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I'm currently researching a way to implement smoothing of bone-vertex weights (skin weights for joint deformations) and coming up empty on methods that use geodesic (surface) distances between vertices within a parametric distance set by the user.
So far, someone has mentioned the possible use of Dijkstra's Algorithm for getting approximate geodesic distances - but it has limitations over certain types of mesh topology.
The only paper that I found specifically on this issue (so-called "Bone-vertex weight smoothing") uses Laplacian Smoothing of weights on a skinned mesh, but it only considers the one-ring neighboring vertices to each vertex which does not satisfy my need to include vertices up to a distance (shortest geodesic distance):

L(Wi) = 1/m * Sum(j from 0 to m-1)(Wj - Wi)

where vertex i and j are considered with respect to vertex i, m is the number of neighbor vertices and W is the weight on the vertex.

What I am envisioning is a modified Laplacian Smoothing wherein all of the vertices found to be within the parametric distance are used but the distance needs to be a factor also. Maybe just multiply the weight influence by the parametric distance minus the distance between the current vertex and the one being used in the sum. Something like this, maybe:

Wmj = Wj * (maxDistance - Dji)

L(Wi) = 1/m * Sum(j from 0 to m-1)(Wmj - Wi)

so that the influence of the smoothing by Wj is reduced (falloff) by its vertex distance (Dji). Of course, vertices at maxDistance will have no influence and might need to be ignored as part of m.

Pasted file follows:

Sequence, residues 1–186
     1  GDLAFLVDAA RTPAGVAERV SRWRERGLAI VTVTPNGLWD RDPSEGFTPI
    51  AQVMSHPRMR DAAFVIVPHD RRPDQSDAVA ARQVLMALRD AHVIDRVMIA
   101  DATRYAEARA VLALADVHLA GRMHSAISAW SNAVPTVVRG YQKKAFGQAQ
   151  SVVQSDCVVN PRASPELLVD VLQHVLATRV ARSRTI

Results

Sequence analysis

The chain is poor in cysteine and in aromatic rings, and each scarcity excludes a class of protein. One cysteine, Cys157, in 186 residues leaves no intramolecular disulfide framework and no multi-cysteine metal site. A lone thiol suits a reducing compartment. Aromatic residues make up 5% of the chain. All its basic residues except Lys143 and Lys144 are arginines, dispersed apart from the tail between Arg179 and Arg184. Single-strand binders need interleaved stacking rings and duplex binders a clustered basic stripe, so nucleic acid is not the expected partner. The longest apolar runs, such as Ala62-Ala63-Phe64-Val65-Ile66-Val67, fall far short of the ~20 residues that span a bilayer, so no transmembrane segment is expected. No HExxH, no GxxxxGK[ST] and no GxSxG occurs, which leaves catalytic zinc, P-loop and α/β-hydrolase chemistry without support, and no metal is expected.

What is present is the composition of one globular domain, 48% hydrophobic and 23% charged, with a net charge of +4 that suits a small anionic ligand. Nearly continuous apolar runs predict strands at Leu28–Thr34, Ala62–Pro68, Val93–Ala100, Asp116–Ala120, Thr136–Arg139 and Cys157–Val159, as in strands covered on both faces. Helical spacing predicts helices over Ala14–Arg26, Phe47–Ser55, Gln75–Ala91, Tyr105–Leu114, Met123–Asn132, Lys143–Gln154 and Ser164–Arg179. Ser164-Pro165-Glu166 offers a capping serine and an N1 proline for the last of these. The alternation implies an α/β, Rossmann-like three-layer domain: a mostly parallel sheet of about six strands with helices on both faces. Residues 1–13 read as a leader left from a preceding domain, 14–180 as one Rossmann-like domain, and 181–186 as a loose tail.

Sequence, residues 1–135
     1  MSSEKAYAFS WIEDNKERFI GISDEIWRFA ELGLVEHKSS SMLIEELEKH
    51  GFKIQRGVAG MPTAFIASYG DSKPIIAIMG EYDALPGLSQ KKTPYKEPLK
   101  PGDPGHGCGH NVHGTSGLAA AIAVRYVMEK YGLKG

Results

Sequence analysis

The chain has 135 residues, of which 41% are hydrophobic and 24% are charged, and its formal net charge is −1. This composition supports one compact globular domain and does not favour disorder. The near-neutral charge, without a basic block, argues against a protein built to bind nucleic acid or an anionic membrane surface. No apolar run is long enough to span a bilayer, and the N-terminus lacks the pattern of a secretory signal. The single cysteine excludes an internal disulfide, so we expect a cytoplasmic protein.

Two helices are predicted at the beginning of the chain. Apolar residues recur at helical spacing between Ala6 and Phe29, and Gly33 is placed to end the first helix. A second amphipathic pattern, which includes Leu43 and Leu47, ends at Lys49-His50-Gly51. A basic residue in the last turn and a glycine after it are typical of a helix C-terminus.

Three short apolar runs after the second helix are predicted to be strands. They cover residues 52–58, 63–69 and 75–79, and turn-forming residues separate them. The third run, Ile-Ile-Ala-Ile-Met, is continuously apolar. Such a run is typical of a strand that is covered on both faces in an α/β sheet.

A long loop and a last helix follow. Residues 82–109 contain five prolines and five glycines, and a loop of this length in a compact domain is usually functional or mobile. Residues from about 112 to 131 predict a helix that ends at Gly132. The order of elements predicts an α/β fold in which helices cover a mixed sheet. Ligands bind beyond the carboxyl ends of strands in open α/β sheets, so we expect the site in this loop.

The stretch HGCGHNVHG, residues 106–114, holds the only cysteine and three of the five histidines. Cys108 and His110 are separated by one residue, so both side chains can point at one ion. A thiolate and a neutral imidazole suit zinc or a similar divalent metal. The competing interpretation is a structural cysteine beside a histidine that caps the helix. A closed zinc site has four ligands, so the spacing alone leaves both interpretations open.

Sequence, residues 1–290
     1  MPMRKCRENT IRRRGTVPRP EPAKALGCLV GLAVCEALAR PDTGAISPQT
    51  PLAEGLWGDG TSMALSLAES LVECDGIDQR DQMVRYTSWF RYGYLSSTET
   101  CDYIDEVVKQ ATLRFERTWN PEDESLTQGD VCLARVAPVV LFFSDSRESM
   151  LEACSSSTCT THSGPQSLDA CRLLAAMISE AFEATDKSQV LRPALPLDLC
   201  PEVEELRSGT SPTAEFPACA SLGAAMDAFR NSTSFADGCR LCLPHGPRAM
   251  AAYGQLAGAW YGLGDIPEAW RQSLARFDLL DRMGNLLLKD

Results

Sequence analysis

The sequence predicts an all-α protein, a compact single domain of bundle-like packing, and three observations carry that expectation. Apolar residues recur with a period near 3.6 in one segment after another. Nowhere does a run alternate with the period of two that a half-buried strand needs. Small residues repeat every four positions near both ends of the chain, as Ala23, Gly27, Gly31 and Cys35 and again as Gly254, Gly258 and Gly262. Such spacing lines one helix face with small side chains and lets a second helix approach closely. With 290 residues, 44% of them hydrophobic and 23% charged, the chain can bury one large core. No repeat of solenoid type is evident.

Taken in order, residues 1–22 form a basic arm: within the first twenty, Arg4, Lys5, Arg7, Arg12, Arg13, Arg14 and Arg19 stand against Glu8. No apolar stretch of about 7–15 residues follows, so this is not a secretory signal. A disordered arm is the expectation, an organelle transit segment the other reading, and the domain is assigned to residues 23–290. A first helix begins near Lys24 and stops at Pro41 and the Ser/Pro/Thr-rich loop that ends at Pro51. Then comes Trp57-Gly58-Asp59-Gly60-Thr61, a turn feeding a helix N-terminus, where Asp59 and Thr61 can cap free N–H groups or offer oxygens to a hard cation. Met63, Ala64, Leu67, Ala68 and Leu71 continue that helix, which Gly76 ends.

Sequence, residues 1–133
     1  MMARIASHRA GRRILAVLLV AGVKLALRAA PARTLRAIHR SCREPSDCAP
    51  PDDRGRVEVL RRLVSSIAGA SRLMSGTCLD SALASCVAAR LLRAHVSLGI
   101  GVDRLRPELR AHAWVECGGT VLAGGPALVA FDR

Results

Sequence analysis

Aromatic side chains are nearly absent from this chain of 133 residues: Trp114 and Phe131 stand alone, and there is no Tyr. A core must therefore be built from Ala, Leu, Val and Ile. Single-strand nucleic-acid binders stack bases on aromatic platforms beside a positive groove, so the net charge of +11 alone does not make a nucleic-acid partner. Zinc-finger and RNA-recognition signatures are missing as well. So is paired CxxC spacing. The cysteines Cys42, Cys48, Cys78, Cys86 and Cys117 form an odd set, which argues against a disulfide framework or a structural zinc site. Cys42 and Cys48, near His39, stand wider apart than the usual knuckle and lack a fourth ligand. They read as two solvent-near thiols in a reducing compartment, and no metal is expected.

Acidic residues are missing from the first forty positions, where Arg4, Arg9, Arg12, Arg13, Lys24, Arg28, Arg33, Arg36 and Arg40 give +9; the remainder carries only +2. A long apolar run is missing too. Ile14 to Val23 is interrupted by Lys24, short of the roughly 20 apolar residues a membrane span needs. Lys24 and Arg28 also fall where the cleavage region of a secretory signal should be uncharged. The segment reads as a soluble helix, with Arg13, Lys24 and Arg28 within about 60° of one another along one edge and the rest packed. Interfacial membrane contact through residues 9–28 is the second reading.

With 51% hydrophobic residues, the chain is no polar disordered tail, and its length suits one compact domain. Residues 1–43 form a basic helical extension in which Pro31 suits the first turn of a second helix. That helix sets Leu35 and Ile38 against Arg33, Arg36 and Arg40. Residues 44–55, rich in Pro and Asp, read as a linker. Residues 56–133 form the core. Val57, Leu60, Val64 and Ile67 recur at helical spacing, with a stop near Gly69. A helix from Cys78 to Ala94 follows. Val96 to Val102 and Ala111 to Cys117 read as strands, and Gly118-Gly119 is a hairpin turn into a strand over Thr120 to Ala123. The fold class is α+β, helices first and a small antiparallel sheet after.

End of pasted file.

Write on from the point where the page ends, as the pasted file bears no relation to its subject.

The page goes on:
Would this work?

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This question might be better suited for – Björn Pollex Jun 7 '12 at 6:32

The first thought that came to my mind was projection. Start by getting the line representing euclidean distance between your start point and end point (going through the mesh). Then project that onto the mesh. But I realized that won't work in certain situations. For the benefit of others, one such situation is if the start point is one one side of a deep pit, and the target is on the opposite side, the shortest distance would be around the rim, rather than straight through. This still may be adequate for you, depending on the types of meshes you are working with, so I can elaborate a more complete approach along these lines if this is good enough for you.

So then my thoughts were to subdivide and then use search. I would use adaptive subdivision, i.e. split edges until all edges are less than some threshold. From that point you can use Dijkstra's, or A* or any other number of search methods. This gets around the problem of skinny triangles, because edges will be subdivided until they are small, so there will be no long, skinny edges.

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